Four The Individualist and ‘Compositive’ Method of the Social Sciences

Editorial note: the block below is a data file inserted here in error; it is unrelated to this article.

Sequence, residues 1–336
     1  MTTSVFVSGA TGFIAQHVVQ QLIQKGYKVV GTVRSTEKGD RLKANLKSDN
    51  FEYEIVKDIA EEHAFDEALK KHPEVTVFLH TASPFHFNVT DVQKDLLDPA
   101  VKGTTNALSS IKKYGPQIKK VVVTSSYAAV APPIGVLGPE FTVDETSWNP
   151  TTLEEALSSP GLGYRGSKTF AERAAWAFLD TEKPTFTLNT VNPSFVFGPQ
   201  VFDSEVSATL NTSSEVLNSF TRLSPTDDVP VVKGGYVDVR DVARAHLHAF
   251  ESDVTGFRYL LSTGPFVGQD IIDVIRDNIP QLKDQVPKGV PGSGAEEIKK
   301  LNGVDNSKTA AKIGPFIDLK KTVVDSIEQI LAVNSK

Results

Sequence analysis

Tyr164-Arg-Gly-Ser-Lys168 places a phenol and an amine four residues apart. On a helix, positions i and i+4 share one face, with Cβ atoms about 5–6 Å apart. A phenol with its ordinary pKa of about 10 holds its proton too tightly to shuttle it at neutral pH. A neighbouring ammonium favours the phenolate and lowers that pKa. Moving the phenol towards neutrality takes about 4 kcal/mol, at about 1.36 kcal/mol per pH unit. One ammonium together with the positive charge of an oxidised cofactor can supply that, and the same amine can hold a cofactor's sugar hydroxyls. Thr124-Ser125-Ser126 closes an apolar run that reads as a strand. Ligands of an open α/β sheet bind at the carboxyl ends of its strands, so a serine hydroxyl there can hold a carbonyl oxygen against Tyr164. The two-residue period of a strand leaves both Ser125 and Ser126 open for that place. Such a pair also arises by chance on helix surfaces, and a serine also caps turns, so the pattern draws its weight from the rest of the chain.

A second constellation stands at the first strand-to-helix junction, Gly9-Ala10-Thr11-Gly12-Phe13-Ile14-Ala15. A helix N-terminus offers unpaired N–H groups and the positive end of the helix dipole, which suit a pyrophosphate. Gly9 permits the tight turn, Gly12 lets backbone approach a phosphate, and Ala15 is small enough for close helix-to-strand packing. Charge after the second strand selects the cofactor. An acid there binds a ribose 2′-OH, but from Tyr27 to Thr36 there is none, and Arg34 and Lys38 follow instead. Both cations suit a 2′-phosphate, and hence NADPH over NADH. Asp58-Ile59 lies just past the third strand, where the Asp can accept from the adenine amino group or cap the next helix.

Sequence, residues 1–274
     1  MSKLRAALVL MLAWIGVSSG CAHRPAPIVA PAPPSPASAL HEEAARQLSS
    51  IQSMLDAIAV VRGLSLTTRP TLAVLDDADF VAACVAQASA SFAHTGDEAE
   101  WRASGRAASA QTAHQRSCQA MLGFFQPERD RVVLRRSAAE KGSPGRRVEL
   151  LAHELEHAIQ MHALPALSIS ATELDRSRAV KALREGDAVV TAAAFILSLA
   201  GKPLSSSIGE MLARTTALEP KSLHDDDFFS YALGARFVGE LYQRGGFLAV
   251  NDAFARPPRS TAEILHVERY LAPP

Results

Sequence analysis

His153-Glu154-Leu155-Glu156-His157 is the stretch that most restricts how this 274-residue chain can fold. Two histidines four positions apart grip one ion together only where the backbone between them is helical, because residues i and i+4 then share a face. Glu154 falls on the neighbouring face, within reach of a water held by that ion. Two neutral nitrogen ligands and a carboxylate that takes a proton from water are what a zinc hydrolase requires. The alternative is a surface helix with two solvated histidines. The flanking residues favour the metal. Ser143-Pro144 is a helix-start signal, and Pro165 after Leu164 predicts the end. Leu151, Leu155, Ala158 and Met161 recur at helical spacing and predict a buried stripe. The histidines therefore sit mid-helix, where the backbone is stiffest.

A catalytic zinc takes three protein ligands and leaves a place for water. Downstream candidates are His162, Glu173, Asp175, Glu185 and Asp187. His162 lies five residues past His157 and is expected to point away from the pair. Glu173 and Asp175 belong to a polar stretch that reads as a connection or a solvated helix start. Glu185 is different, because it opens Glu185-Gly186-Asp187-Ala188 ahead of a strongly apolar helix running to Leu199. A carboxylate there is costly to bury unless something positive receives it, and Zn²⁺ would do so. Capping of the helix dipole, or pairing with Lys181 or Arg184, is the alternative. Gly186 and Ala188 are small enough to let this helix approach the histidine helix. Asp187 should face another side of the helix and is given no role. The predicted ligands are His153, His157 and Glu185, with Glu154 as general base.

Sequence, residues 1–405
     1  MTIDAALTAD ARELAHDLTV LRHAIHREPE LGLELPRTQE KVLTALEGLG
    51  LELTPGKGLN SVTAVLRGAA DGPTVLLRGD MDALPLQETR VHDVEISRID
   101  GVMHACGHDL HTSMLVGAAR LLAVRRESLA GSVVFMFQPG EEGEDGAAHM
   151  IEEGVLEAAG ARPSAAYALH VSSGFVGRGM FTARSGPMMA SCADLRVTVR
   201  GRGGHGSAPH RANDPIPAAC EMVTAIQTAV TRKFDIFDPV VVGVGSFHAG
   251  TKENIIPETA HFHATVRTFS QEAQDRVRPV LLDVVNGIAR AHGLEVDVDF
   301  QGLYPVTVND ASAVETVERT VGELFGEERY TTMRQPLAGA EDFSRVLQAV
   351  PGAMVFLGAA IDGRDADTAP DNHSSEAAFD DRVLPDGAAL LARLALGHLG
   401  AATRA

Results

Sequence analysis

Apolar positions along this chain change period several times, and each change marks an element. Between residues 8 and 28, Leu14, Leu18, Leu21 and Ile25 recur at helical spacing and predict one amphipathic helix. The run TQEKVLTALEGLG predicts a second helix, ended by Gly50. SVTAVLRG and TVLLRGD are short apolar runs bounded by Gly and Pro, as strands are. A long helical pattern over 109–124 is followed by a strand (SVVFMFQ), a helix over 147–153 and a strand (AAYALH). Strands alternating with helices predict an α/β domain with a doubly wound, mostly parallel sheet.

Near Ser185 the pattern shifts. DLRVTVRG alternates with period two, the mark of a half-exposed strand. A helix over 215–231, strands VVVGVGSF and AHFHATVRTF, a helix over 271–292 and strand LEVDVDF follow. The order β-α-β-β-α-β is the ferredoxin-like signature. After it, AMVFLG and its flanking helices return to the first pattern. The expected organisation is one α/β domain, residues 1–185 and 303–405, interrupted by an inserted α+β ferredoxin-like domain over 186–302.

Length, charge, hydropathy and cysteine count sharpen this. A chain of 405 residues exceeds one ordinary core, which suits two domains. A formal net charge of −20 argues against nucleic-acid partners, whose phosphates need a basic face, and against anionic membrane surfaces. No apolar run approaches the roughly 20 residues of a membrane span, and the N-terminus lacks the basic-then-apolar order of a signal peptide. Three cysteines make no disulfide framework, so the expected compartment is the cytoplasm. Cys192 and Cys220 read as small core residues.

At this point it becomes necessary briefl y to interrupt the main argument in order to safeguard ourselves against a misconception which might arise from what has just been said. The stress which we have laid on the fact that in the social sciences our data or ‘facts’ are themselves ideas or concepts must, of course, not be understood to mean that all the concepts with which we have to deal in the social sciences are of this character. There would be no room for any scientifi c work if this were so; and the social sciences no less than the natural sciences aim at revising the popular concepts which men have formed about the objects of their study, and at replacing them by more appropriate ones. The special diffi culties of the social sciences, and much confusion about their character, derive precisely from the fact that in them ideas appear in two capacities, as it were, as part of their object and as ideas about that object. While in the natural sciences the contrast between the object of our study and our explanation of it coincides with the distinction between ideas and objective facts, in the social sciences it is necessary to draw a distinction between those ideas which are constitutive of the phenomena we want to explain and the ideas which either we ourselves or the very people whose actions we have to explain may have formed about these phenomena and which are not the cause of, but theories about, the social structures.